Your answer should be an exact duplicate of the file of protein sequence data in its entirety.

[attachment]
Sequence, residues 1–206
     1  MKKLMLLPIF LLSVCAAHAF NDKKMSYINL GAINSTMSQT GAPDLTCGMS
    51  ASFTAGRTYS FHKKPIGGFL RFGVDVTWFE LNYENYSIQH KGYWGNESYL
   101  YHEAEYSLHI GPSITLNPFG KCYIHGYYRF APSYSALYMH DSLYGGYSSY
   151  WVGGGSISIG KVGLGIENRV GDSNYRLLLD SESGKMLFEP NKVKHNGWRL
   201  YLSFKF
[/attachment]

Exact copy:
Sequence, residues 1–206
     1  MKKLMLLPIF LLSVCAAHAF NDKKMSYINL GAINSTMSQT GAPDLTCGMS
    51  ASFTAGRTYS FHKKPIGGFL RFGVDVTWFE LNYENYSIQH KGYWGNESYL
   101  YHEAEYSLHI GPSITLNPFG KCYIHGYYRF APSYSALYMH DSLYGGYSSY
   151  WVGGGSISIG KVGLGIENRV GDSNYRLLLD SESGKMLFEP NKVKHNGWRL
   201  YLSFKF